Eileen Cunniffe has been writing nonfiction for 30 years--but the first 25 of those were without bylines, as a medical writer, corporate communications manager and executive speechwriter. Her essays have appeared (or soon will) in Wild River Review, Philadelphia Stories, ShortMemoir.com, SNReview, Prime Number Magazine, Hippocampus, and Ascent, and in the anthologies “A Woman's World Again” and “Prompted.” Her prose poems have appeared in The Prose-Poem Project and 5x5. She is a program director at the Arts & Business Council of Greater Philadelphia.
con·sign ( kən-sīn' ) v. —signed, -signing, -signs — tr. 1. To give over to the care of another; entrust. 2. To turn over permanently to another's charge or to a lasting condition; commit irrevocably. 3. To deliver (merchandise, for example) for custody or sale. 4. To set apart, as for special use or purpose; assign.
—The American Heritage Dictionary of the English Language, fourth edition
One fine day last spring, I assigned myself the task of making my peace, once and for all, with the little red dress. I set apart time to spend with the dress, to see it for what it is: a mere few yards of polyester, lined with a few more yards of polyester; purchased for a not-too-considerable sum after more-than-considerable window shopping and dressing-room angst; worn once, ten summers ago, for one unenchanted evening at the end of what had seemed a promising week; then consigned to a closet, an attic and finally—or so I thought—a second-hand shop.
For most of its life, the little red dress has been consigned to languish in the attic of my little white house. It's been there almost since arriving in the United States from its country of origin, Indonesia, then travelling with me briefly across the U.S. border, deep into the Canadian Rockies and home again to Pennsylvania.
On that rare day of liberation last spring, I removed the dress from its plastic garment bag. I suspended it from my office door so I could inspect it at close range, describe its simple but classic lines to you, convince you there is nothing wrong with it, no reason why someone shouldn't have purchased it, new or gently (ever-so-gently) used.
No doubt I expected too much of the little red dress from the beginning. Not the dress, perhaps, but the occasion for which it was purchased. Or not the occasion exactly, but the man associated with it. I mistakenly set this dear little dress aside for special use, imbued it with qualities he—I mean it—simply did not possess, and inadvertently set off a chain of events I later came to regret. In the end, the occasion turned out to be oh-so-ordinary and the man a complete and utter disappointment, despite all the care I had taken in making my selection.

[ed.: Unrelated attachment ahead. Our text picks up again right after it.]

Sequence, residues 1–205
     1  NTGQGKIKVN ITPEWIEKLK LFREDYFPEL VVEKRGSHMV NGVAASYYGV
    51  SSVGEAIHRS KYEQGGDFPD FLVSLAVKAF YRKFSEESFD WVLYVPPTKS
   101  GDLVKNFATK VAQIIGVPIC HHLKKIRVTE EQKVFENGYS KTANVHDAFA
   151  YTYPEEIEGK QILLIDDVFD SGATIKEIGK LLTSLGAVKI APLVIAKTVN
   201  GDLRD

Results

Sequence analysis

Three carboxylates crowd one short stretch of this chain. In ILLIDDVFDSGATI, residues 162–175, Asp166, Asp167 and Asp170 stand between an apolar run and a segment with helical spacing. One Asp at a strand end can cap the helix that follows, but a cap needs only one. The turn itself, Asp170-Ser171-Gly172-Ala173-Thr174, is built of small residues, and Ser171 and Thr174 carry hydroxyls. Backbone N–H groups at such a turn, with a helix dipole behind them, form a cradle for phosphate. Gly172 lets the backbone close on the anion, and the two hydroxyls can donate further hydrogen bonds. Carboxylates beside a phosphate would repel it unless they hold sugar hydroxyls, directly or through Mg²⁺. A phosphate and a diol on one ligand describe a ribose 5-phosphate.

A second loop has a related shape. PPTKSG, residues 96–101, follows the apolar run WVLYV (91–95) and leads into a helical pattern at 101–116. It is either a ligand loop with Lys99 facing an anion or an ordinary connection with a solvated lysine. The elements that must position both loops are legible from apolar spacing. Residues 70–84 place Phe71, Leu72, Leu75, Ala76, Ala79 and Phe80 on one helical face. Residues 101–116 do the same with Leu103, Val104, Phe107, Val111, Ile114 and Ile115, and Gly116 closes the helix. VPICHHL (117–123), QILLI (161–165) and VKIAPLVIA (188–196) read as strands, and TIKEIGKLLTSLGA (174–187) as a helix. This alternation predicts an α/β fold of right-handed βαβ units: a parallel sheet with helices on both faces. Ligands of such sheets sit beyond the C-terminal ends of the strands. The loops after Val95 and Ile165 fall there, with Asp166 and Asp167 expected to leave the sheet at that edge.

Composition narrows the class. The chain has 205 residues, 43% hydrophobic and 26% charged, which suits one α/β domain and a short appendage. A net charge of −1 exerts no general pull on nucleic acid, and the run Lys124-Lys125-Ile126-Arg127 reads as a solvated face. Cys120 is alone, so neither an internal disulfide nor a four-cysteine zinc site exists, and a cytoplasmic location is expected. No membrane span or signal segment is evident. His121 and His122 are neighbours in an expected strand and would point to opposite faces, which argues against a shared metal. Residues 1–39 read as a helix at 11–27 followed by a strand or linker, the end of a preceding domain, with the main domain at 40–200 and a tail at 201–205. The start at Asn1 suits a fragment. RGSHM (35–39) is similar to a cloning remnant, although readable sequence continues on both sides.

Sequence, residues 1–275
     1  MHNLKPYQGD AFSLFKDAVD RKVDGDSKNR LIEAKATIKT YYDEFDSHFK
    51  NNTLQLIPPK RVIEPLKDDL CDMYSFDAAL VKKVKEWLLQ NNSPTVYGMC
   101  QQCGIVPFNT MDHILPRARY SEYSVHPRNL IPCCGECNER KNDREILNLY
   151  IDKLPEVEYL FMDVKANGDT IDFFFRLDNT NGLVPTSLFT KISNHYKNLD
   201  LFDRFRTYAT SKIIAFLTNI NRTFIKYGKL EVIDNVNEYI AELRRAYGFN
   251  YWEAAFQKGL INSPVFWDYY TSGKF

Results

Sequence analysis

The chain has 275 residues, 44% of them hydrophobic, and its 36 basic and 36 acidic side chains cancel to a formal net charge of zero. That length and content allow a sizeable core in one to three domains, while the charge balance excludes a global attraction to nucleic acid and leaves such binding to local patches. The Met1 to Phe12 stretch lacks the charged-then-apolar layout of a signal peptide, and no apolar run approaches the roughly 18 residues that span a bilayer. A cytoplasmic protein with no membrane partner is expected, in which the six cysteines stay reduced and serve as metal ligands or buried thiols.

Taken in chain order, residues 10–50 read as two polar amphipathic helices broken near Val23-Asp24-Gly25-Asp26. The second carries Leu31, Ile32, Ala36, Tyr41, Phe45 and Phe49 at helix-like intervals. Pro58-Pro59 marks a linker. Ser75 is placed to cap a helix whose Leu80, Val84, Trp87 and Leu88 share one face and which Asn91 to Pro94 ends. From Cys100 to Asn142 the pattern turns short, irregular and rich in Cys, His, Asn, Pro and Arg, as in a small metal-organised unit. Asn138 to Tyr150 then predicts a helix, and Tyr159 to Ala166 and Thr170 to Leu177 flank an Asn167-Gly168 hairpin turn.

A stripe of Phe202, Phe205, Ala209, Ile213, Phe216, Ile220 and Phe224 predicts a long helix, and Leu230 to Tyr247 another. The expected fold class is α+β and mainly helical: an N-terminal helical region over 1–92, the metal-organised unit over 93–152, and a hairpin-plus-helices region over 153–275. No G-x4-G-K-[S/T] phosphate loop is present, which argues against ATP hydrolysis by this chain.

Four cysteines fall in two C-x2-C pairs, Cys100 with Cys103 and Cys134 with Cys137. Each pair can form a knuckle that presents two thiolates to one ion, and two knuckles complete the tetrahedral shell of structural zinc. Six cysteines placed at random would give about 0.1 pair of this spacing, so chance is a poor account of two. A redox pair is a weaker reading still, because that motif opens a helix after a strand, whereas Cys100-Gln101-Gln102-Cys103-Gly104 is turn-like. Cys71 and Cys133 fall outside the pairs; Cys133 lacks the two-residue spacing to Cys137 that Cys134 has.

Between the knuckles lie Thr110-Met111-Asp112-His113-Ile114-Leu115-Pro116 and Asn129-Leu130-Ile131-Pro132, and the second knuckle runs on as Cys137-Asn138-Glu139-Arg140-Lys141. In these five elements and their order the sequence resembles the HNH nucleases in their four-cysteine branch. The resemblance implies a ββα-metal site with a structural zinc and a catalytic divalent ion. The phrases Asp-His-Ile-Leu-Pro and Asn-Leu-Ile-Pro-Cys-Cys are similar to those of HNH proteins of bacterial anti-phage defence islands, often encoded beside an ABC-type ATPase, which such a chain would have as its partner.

This is not about that man. Or it is about him, but only to the extent that our fleeting dalliance made me doubt, for some time after, my own judgment, my taste, my discernment—and not just in clothing. I did try him on, I admit it. I even took him home, briefly. But I never took the tags off, although I might have if he'd hung around. Never mind that I later realized what a colossal mistake that would have been. And a man is the not kind of thing you can drop off at the local consignment shop once buyer's remorse sets in.
So being left with only the little red dress was not the worst possible outcome of that sorry episode in my history, a history in which the man himself has now been set apart, consigned to the status of a mere footnote. I do apologize if I've aroused your curiosity, but I have nothing else to say about the man. Not one moment of the time we spent together is worth recounting. All the best bits took place in my imagination, I'm sorry to say. I trust you've had a similar experience somewhere along the way.
Still, for an entire decade I was unable to separate the objective appeal of that little red dress from the unhappy associations formed on the one and only time I wore it. Which is not to say I spent ten years carrying those thoughts around with me, day after day, month after month. The little red dress only ever crossed my mind if I went to the attic looking for something else. On those rare occasions, the old associations would flit through my mind, along with mild pangs of regret—not about my failed relationship with the man, but about my failed relationship with the little red dress.
I did wear that dress well, if I do say so myself. I've never been a little-black-dress kind of a girl; I've always been partial to colors, and the deep cherry hue looked fine against my pale skin and my reddish-brown hair. Its tailored lines hugged me gently, without being too clingy. I liked how I looked when I tried it on, and I liked how I felt when I wore it that one time. Still, I decided long ago I had no further use for the dress. Yet I cannot seem to wash my hands of it, try as I might. Lady Macbeth springs to mind, no doubt because of the blood-red hue of the synthetically soft fabric.
I assure you, though, this is more comedy than tragedy. There are no stains, of any type, on my little red dress.